Effect of PA-MSHA in combination with Gefitinib on tumor growth
To determine whether the combination of Gefitinib plus PA-MSHA is effective in reducing NSCLC tumor growth in vivo, we assessed tumor growth after transplantation of PC-9, A549, and NIC-H1975 cells into nude mice. Consistent with the in vitro results, the administration of Gefitinib reduced the growth only for PC-9 cells, while PA-MSHA reduced the growth to some extent for all three NSCLC cell lines. Furthermore, Gefitinib plus PA-MSHA was the most effective in reducing the tumor volume for all three cell lines, with 80–70% reduction (Figure 6A).
Figure 6: The effect of the administration of Gefitinib, PA-MSHA, or a combination of the two drugs on tumor growth of PC-9-, A549-, or NCI-H1975-xenotransplanted nude mice. A. Mean tumor volume was measured at the indicated number of days after transplantation. B. The expression levels of caspase-3, caspase-9, and their cleaved forms were determined by Western blotting, with GAPDH as a loading control. C. The expression levels of EGFR, AKT, ERK, and their phosphorylated forms were determined by Western blotting (a); and the ratios of phosphorylated/total protein were quantified by densitometry of triplicate experiments (b), *, P<0.05; **, P<0.01; ***, P<0.001.
To assess the in vivo effects of the drug combination on apoptotic and EGFR signaling pathway proteins, we preformed Western blotting of lysates from excised tumor xenografts after treatment. Consistent with the in vitro results, an increase in cleaved caspase-3 and -9 were observed for all three types of xenografts by treatment with Gefitinib plus PA-MSHA (Figure 6B). Additionally, there was a trend toward a significantly lower level of pEGFR, pAKT, and pERK in tumor issues from the combination group (Figure 6C). These results confirm the in vitro results suggesting that PA-MSHA enhances the antiproliferative and apoptotic effects of Gefitinib through the suppression of EGFR signaling.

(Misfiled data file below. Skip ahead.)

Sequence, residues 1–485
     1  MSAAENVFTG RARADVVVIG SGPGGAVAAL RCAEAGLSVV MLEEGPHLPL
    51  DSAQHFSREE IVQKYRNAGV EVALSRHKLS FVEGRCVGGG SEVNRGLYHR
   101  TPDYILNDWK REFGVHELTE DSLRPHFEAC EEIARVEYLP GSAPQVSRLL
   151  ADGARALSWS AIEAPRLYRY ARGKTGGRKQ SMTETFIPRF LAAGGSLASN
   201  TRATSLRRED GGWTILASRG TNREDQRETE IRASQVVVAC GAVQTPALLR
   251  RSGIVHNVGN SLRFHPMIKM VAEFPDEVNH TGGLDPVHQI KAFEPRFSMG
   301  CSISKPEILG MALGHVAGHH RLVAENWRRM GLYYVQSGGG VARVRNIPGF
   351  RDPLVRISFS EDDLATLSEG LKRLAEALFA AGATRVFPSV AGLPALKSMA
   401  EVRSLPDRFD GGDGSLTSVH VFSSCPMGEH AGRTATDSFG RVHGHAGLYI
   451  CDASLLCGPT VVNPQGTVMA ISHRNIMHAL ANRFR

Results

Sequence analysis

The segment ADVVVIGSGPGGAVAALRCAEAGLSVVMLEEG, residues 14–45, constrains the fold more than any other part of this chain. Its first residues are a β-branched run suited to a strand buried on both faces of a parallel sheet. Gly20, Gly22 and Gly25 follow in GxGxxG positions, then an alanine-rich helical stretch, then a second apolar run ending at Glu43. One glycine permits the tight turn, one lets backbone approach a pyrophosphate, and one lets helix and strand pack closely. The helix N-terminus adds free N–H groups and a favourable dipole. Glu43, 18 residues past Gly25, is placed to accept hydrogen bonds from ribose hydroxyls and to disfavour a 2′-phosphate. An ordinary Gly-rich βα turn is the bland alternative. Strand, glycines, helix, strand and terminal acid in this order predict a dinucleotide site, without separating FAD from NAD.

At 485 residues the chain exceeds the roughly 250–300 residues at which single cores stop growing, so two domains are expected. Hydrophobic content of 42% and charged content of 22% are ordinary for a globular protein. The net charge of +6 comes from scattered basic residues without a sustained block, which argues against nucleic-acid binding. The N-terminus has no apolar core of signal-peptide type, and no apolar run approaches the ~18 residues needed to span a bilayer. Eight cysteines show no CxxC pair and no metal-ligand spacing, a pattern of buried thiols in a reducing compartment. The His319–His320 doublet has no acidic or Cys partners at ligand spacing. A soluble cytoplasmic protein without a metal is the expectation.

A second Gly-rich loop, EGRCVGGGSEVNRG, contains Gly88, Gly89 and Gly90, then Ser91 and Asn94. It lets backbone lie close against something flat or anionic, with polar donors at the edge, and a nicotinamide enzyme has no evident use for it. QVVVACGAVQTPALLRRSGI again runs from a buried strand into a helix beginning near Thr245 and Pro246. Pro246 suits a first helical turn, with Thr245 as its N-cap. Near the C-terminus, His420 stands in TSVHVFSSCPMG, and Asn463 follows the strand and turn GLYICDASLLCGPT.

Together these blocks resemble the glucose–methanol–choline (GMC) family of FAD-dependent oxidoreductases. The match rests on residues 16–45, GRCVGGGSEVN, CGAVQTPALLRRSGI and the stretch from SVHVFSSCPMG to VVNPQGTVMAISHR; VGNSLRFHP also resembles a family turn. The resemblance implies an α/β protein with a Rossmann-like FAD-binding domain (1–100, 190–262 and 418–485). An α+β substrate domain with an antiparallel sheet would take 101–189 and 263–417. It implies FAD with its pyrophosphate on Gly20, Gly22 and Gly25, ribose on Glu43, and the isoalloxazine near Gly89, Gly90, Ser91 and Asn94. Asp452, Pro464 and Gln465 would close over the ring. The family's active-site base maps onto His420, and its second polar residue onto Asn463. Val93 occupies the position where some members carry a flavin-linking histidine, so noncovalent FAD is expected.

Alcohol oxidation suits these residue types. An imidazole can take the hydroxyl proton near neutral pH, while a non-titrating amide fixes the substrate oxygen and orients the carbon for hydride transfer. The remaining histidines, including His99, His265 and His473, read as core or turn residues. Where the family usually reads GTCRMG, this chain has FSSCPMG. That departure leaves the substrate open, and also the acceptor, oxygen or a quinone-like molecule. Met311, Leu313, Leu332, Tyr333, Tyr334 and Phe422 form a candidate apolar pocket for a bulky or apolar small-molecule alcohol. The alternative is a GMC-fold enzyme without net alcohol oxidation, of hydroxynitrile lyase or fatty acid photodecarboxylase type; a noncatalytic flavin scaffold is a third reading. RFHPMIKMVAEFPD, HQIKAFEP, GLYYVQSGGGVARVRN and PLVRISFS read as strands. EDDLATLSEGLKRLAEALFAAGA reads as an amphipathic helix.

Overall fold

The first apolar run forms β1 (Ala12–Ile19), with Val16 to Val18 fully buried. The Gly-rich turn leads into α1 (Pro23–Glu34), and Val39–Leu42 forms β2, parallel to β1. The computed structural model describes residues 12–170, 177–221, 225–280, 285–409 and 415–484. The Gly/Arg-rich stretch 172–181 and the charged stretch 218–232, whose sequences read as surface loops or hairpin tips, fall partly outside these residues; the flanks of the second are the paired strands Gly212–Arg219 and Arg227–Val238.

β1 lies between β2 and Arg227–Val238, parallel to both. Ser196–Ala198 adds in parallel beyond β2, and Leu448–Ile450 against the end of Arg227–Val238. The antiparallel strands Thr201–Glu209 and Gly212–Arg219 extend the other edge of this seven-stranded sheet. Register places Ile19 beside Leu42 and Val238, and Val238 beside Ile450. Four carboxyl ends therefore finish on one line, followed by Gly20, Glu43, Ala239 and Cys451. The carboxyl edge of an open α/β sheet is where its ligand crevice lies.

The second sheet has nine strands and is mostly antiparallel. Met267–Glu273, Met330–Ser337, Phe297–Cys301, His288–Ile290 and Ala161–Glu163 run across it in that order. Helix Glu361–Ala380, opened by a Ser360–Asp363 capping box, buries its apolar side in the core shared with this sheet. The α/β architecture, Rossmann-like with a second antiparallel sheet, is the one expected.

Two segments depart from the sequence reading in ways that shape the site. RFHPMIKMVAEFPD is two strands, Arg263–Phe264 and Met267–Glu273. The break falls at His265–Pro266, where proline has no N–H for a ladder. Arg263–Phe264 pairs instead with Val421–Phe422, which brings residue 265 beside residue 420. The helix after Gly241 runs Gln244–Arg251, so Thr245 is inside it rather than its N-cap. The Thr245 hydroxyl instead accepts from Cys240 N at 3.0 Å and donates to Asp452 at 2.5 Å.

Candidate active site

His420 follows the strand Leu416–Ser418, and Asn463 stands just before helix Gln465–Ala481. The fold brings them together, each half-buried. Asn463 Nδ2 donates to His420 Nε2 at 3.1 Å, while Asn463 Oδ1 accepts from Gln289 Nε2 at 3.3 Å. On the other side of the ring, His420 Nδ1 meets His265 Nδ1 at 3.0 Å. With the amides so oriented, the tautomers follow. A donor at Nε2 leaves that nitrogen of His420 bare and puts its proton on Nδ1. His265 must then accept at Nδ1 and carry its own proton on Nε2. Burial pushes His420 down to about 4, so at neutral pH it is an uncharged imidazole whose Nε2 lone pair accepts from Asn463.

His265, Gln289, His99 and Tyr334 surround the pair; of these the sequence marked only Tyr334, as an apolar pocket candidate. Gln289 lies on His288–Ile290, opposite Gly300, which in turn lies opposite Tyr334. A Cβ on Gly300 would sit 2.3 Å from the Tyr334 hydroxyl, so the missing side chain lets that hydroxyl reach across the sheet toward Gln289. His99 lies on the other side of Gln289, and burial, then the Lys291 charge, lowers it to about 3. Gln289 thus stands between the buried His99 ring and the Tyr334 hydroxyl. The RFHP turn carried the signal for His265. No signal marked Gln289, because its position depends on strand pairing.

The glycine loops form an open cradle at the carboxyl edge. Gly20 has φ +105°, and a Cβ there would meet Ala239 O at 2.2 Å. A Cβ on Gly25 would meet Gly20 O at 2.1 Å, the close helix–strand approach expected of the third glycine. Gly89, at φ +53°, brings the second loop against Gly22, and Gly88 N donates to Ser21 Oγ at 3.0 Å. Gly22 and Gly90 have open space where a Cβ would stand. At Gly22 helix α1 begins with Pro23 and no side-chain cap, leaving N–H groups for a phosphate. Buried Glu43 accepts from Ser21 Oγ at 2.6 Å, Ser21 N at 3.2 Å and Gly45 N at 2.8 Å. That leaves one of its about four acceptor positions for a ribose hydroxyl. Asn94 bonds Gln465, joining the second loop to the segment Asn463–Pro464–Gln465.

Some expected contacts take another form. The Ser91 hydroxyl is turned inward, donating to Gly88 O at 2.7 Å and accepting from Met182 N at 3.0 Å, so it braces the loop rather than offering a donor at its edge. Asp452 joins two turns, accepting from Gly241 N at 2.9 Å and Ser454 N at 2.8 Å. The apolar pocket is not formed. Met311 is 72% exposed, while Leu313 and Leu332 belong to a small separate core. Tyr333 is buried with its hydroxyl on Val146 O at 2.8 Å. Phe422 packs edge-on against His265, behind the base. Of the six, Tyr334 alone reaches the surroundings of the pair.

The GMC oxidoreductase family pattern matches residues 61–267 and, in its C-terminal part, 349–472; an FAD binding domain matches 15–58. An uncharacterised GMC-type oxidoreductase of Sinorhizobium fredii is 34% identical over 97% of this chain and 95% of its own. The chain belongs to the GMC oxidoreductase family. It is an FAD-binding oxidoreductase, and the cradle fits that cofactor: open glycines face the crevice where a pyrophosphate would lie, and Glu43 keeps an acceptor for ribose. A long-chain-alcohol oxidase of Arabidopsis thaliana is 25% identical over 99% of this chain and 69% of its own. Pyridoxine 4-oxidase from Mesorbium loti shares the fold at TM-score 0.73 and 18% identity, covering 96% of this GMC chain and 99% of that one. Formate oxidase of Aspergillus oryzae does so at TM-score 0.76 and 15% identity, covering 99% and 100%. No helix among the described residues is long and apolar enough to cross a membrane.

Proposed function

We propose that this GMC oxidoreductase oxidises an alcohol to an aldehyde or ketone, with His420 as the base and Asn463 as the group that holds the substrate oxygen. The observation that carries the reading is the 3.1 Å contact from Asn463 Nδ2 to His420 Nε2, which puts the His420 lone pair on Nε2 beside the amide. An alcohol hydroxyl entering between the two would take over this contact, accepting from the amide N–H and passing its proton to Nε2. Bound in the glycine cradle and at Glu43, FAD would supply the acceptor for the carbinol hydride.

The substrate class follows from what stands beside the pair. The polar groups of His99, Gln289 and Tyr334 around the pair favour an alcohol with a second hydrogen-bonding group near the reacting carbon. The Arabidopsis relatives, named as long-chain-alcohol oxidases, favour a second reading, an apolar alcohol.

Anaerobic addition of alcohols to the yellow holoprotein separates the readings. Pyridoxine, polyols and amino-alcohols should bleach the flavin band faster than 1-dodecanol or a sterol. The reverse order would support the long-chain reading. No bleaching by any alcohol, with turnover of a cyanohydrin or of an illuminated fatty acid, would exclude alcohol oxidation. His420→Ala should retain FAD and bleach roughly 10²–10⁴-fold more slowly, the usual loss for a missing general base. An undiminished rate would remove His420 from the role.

To date, no approved therapies exist for metastatic NSCLC patients who fail first generation reversible EGFR-TKIs. The most common mechanisms of resistance to Gefitinib and Erlotinib therapies are wild type EGFR status (primary resistance) or development of a secondary gatekeeper mutation, T790M (acquired resistance). Although Afatinib was expected to overcome EGFRT790M-mediated acquired resistance to first-generation reversible EGFR TKIs, a recent phase III study of Afatinib failed to demonstrate overall survival improvement in Gefitinib or Erlotinib-resistant patients, with a response rate of less than 10% . Therefore, the treatment options for NSCLC remain unsatisfactory.
In this study, we sought to determine whether PA-MSHA might reverse the drug resistance of EGFR-TKIs in NSCLC. We evaluated the anti-cancer effects in vitro and in vivo to three different genotypes of NSCLC cell lines by Gefitinib in combination with PA-MSHA. Our data show that Gefitinib plus PA-MSHA can inhibit cell proliferation, redistribute the cell cycle, induce apoptosis and inhibit tumor growth in PC-9, A549, and NCI-H1975 cells. These results are supported by the reduced tumor growth in xenotransplanted nude mice after combination treatment. This phenomenon suggests that PA-MSHA can recover the sensitivity of Gefitinib in EGFR-TKI-resistant cells.